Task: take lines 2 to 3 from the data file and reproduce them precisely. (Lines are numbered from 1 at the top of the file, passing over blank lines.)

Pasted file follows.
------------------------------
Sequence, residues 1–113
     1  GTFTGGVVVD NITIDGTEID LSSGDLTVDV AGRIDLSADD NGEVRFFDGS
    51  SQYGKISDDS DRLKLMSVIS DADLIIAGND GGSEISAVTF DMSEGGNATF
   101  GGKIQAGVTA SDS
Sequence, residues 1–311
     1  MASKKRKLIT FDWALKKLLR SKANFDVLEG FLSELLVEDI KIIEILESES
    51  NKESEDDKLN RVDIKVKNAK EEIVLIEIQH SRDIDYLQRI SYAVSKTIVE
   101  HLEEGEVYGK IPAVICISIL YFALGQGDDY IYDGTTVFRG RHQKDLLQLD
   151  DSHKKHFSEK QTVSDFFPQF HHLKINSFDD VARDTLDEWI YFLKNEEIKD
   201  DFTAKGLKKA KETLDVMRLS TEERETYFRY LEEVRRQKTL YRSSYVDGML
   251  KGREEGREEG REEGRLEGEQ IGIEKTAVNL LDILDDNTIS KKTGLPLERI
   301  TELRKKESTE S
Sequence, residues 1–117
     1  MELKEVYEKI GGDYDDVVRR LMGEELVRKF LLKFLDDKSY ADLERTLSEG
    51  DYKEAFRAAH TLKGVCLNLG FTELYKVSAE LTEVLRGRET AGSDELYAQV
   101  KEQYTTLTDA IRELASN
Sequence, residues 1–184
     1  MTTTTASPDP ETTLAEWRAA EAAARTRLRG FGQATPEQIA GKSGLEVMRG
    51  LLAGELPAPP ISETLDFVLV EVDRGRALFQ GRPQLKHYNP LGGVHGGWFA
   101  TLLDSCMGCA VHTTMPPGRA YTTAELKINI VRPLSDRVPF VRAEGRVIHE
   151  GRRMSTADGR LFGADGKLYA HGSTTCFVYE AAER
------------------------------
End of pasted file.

     1  GTFTGGVVVD NITIDGTEID LSSGDLTVDV AGRIDLSADD NGEVRFFDGS
    51  SQYGKISDDS DRLKLMSVIS DADLIIAGND GGSEISAVTF DMSEGGNATF